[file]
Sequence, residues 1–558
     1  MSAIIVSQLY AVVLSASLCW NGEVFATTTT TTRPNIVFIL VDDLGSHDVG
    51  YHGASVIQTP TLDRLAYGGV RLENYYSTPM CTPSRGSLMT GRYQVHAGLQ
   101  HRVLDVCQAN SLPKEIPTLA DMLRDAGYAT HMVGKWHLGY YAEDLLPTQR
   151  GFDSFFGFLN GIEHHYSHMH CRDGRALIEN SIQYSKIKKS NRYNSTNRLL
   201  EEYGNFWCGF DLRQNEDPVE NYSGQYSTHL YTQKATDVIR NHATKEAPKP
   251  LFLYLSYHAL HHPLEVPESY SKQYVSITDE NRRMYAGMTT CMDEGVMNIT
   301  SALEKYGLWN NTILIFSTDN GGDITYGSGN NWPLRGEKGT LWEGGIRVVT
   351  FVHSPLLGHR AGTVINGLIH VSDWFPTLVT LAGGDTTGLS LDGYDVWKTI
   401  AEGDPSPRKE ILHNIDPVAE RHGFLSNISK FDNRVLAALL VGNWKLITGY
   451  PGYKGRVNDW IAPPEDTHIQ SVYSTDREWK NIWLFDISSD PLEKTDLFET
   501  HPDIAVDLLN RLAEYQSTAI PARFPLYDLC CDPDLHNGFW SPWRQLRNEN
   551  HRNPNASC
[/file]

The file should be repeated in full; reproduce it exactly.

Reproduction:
Sequence, residues 1–558
     1  MSAIIVSQLY AVVLSASLCW NGEVFATTTT TTRPNIVFIL VDDLGSHDVG
    51  YHGASVIQTP TLDRLAYGGV RLENYYSTPM CTPSRGSLMT GRYQVHAGLQ
   101  HRVLDVCQAN SLPKEIPTLA DMLRDAGYAT HMVGKWHLGY YAEDLLPTQR
   151  GFDSFFGFLN GIEHHYSHMH CRDGRALIEN SIQYSKIKKS NRYNSTNRLL
   201  EEYGNFWCGF DLRQNEDPVE NYSGQYSTHL YTQKATDVIR NHATKEAPKP
   251  LFLYLSYHAL HHPLEVPESY SKQYVSITDE NRRMYAGMTT CMDEGVMNIT
   301  SALEKYGLWN NTILIFSTDN GGDITYGSGN NWPLRGEKGT LWEGGIRVVT
   351  FVHSPLLGHR AGTVINGLIH VSDWFPTLVT LAGGDTTGLS LDGYDVWKTI
   401  AEGDPSPRKE ILHNIDPVAE RHGFLSNISK FDNRVLAALL VGNWKLITGY
   451  PGYKGRVNDW IAPPEDTHIQ SVYSTDREWK NIWLFDISSD PLEKTDLFET
   501  HPDIAVDLLN RLAEYQSTAI PARFPLYDLC CDPDLHNGFW SPWRQLRNEN
   551  HRNPNASC